Why is ESG important for investors?
Depending on the specific strategy, ESG investing can aim to align the portfolio with a set of ethical or personal values, and generate measurable social and environmental outcomes. Moreover, sustainable investing can offer investors an information advantage by enabling them to assess the long-term viability of a company’s business model if faced with future ESG shocks, be they internally-created (such as labour stoppages, polluting incidents, or water scarcity) or externally-created (such as regulatory changes or changes in investor preferences). By looking at a company’s ESG incident track record, investors can find valuable information that could flag issues, including vulnerabilities in corporate strategy, inadequate governance structures, or poor decision making—which may impact share price.
What are the benefits and drawbacks of ESG investing?
The most obvious benefit of ESG investing is that it helps align your personal values and beliefs to your financial portfolio, which can help you feel more attached to your portfolio in the long-run. From a financial point of view, evidence suggests that companies with better ESG records generally have better financial performance than those with worse ESG records, and also that portfolios that integrate ESG analysis into the investment decision-making process have outperformed those that don’t. Investing with an ESG mindset could also put you ahead of the game as regulators increasingly demand that companies disclose ESG risks, putting a premium on those companies that are already doing just that.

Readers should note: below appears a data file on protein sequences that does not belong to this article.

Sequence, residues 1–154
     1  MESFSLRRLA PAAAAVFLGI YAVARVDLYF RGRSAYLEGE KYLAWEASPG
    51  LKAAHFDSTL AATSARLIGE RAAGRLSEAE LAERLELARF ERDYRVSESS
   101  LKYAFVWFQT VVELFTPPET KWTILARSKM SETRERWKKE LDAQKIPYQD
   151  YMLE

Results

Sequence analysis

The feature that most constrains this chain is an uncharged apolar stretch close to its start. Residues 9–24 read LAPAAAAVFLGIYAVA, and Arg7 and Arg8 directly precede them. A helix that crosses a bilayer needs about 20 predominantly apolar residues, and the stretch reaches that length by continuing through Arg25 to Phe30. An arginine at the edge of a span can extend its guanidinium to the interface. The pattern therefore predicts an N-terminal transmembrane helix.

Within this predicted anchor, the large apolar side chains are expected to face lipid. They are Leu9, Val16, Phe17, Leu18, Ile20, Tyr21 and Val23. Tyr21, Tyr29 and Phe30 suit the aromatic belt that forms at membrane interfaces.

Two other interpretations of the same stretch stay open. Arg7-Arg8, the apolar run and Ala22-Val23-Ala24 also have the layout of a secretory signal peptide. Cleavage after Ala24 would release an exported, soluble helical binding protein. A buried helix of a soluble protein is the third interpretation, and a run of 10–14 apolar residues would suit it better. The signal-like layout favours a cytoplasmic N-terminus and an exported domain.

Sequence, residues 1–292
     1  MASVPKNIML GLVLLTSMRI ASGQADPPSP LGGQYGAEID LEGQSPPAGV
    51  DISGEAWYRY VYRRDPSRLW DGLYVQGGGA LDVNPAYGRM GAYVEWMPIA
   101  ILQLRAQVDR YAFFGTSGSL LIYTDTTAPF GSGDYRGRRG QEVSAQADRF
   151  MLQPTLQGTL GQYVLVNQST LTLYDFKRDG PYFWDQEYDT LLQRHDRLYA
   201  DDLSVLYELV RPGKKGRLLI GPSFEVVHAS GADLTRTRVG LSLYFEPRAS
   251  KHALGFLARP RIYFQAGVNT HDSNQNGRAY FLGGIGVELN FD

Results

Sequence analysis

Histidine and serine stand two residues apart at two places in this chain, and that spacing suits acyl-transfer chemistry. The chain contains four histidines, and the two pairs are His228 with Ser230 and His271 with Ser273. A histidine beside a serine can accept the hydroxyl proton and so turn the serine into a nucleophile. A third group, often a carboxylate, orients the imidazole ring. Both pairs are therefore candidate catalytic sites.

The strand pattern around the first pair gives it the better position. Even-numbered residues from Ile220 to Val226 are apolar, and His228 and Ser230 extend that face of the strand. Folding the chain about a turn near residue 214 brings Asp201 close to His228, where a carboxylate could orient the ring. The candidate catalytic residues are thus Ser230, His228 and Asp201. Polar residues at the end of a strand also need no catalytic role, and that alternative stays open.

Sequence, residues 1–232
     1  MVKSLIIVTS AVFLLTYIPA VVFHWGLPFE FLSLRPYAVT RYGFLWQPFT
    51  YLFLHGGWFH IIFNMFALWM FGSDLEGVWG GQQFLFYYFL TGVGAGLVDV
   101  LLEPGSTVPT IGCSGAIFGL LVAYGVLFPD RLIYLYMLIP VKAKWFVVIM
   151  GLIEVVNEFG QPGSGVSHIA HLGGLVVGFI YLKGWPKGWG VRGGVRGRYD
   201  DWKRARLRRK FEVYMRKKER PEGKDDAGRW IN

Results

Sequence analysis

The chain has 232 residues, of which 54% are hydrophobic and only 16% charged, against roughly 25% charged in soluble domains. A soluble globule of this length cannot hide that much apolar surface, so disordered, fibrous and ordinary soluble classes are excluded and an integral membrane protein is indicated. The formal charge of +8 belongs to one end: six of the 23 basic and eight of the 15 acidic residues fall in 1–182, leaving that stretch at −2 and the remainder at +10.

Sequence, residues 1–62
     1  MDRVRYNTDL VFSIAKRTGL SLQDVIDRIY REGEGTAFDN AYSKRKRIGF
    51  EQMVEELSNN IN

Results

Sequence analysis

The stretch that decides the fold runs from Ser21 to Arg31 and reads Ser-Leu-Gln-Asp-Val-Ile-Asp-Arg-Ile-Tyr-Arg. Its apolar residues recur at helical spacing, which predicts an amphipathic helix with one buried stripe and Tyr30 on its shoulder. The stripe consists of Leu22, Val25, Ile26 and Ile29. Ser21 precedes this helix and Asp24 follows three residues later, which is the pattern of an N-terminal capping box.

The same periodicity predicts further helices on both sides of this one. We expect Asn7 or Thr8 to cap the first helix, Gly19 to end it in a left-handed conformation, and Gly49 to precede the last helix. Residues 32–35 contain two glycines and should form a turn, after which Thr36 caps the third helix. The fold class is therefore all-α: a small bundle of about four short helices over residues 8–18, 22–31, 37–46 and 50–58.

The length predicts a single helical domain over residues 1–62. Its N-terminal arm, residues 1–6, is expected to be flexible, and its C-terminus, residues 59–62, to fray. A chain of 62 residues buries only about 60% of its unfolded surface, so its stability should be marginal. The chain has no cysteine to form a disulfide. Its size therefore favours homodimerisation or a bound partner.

There are also potential drawbacks of ESG investing to consider. For example, sustainable investing might mean divesting from certain industries such as oil, so if those sectors outperform, portfolio performance could suffer. It’s also important to carefully choose your ESG strategy and fund, as the popularity of ESG investing has unfortunately been accompanied by greenwashing on the part of some corporations and fund managers, making deep analysis of the portfolio’s investment even more critical. This is even more true since there is little standardization of ESG data (that is, ESG data providers have very different methodologies), making comparisons between companies and funds very difficult.
How is ESG investing carried out?